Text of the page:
Perhaps Hood’s signature event is the four-year-old New England Dairy Cook-Off that awards a top prize of $10,000 to an amateur chef who creates a recipe with at least one Hood dairy product. The six finalists (one from each New England state) have 60 minutes to prepare his or her dish, which they then serve to a judging panel. In 2012, the cook-off was held at the Rhode Island Convention Center in Providence. The winning recipe, by Mary Jo Fletcher LaRocco, was Cranberry Limoncello Tarts in a Gingersnap Hazelnut Crust.
In the social media sphere, Hood maintains a presence on Facebook and Twitter. Its own Facebook page has about 19,000 “likes.” Other Facebook pages maintained by Hood include Baileys Coffee Creamers (about 139,000 likes) Heluva Good! (82,000), Blue Diamond Almond Breeze (75,000), Lactaid (30,000) and Simply Smart Milk (13,000).
Looking for opportunities
John Kaneb, who said he, his wife and children were all raised on Hood milk, always keeps Simply Smart milk in the refrigerator and Hood ice cream in the freezer. His father founded an oil distribution business in 1933 which the family continues to operate today. They entered the dairy business when they bought Hood in 1995.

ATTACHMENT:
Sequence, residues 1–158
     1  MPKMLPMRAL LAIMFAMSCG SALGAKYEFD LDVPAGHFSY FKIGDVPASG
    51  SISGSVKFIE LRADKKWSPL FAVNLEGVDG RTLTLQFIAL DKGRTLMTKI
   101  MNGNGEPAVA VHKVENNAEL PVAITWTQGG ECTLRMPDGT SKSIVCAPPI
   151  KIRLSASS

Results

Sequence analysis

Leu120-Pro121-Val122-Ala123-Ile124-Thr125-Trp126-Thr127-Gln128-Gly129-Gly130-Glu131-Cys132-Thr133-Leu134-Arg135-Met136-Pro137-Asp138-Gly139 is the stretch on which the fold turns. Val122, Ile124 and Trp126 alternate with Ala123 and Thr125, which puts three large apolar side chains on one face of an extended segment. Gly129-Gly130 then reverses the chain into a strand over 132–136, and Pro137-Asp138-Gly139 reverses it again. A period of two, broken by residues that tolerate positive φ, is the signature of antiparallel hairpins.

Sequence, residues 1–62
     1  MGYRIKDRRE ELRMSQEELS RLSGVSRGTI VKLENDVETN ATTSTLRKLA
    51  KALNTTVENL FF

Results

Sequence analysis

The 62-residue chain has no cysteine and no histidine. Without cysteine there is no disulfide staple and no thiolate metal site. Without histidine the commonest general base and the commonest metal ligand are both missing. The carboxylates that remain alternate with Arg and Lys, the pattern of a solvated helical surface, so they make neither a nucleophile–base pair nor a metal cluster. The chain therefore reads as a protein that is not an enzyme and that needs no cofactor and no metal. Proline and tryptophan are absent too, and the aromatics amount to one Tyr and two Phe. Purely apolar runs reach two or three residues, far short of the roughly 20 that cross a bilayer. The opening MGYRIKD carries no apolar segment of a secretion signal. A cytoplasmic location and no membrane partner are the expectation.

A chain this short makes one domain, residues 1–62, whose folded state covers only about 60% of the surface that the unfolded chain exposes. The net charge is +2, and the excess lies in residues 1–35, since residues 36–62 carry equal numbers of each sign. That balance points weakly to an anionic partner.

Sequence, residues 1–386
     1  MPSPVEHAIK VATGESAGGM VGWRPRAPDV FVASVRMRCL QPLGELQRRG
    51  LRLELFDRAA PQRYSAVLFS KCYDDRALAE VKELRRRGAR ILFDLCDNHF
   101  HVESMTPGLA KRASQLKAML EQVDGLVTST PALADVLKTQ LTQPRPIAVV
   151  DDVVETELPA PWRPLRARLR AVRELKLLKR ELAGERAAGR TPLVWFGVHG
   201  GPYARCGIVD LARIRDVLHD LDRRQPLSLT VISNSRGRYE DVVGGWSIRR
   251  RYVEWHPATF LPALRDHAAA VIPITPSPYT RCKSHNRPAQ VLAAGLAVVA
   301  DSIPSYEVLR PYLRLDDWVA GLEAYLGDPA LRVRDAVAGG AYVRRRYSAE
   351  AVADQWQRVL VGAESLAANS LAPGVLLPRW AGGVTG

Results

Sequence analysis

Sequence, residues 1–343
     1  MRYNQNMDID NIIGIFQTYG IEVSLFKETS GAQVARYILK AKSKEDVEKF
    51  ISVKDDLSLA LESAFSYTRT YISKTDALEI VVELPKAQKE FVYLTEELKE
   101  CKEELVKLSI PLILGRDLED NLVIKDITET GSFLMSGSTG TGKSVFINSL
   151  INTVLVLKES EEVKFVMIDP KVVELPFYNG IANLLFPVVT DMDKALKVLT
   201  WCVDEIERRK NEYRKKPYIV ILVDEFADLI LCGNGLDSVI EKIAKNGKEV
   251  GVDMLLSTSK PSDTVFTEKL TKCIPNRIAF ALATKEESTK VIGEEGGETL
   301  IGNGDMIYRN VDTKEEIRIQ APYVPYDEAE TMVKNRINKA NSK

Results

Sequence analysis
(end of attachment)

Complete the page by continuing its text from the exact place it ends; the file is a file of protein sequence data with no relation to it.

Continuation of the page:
He called the dairy industry “more fun than oil.” The company holds memberships in the International Dairy Foods Association, the Milk Processor Education Program and the Innovation Center for US Dairy.
MilkPEP’s Donna Armstrong said Hood has been particularly active in its Halloween and Refuel with Chocolate Milk promotions. Refuel is a title sponsor of the Rock N Roll Marathon and Ironman Triathlon series. In fact, Gary Kaneb, Hood’s CFO, completed both the Lake Placid and the Ironman World Championship Triathlon in Hawaii in 2012 as a member of Team Refuel.